Iraq's lawyers reject the designation of the freedom of expression law, calls for substantial amendments


Shafaq News/ The Iraqi Bar Association has rejected the current designation of the "Freedom of Expression, Assembly, and Peaceful Protest" law, calling for its amendment along with some of the provisions included in the law.

"We are in favor of amending the Freedom of Expression law," the head of the association, Ahlam al-Lami, said, "the Constitution was clear and explicit that the freedom of assembly and protests should be regulated by law, but within narrow limits, not broad ones."

Al-Lami emphasized that "the most significant remarks against the law is its designation as the Freedom of Expression law. The law should not be named after the current designation, but rather should be a regulation of protests and assemblies."

One of the law's provisions stipulates that if protests lead to the disruption of public security, the organizers will face legal repercussions.

Al-Lami noted that "disruption of public security" is a vague term that authorities could exploit.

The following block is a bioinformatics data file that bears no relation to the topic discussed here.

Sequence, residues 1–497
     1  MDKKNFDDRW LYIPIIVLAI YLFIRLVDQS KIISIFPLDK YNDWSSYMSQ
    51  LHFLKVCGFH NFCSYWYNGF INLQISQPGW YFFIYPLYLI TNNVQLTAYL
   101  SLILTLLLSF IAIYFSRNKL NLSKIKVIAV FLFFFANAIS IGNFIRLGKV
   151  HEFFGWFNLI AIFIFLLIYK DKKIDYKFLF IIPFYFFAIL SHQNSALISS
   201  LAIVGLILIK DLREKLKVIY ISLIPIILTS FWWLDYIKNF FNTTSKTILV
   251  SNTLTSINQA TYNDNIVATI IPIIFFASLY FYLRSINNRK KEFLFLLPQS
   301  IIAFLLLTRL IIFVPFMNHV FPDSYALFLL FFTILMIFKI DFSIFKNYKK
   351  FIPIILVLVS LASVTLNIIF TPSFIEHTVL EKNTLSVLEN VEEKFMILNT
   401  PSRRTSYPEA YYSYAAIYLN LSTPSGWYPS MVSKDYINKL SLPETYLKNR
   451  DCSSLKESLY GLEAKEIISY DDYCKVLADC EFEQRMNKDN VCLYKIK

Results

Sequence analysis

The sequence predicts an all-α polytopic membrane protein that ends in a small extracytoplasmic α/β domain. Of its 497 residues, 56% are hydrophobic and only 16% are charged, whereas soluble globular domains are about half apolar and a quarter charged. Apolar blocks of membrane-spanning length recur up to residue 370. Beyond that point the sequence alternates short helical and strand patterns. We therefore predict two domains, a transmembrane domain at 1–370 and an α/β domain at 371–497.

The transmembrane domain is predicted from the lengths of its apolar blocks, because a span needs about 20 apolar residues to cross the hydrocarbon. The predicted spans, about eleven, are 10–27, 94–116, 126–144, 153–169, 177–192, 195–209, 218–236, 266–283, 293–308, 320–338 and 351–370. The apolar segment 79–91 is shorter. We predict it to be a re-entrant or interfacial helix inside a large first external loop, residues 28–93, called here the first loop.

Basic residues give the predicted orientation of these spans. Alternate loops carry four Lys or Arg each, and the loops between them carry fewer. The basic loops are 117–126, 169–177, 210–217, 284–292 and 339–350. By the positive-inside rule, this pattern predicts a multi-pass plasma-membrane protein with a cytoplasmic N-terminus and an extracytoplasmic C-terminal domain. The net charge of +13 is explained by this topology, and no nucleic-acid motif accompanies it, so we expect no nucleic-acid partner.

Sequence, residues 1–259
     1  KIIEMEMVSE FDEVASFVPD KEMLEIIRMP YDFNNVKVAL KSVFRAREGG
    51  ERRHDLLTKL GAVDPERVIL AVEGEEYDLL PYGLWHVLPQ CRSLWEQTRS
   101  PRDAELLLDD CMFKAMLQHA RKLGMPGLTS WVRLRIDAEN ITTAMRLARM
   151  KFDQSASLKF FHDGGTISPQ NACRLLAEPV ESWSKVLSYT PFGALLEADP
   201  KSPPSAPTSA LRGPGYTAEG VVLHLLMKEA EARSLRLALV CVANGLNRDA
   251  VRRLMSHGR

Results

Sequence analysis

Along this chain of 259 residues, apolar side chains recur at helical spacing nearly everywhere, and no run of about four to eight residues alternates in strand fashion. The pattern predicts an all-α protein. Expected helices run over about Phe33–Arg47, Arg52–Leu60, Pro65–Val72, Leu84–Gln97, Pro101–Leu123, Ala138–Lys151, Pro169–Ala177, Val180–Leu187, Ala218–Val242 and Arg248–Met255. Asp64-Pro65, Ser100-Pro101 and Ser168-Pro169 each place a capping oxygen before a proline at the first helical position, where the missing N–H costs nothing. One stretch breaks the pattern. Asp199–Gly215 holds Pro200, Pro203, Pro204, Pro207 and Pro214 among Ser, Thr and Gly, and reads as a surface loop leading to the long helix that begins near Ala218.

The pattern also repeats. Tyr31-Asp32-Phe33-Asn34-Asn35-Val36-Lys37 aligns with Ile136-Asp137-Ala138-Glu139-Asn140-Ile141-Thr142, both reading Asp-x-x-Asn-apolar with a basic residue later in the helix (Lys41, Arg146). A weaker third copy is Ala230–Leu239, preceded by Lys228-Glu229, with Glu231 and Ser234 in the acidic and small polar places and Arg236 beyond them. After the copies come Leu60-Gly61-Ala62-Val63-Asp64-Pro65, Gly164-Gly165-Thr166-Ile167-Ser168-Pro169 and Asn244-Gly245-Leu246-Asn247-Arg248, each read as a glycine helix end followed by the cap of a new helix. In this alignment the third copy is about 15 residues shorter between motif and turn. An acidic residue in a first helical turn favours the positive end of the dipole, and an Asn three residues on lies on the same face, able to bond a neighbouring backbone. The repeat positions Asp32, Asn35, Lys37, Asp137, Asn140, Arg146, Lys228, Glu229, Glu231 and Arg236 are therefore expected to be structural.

She also highlighted that the law includes a provision concerning "the protest of Iraqi citizens" while neglecting to mention of non-citizens in Iraq, such as foreign residents and refugees.

"The relevant committees in the parliament requested an alternative word to 'disruption of public security' from us," al-Lami said, "we suggested vandalism. If a person commits vandalism, he or she can be punished."

The Iraqi Parliament's Council of Representatives is currently discussing amendments to the law, taking into account remarks and feedback from various stakeholders, including the Bar Association.

The Freedom of Expression, Assembly, and Peaceful Protest law has been a subject of controversy for a while, with some human rights organizations and activists criticizing the law as being restrictive of civil liberties.

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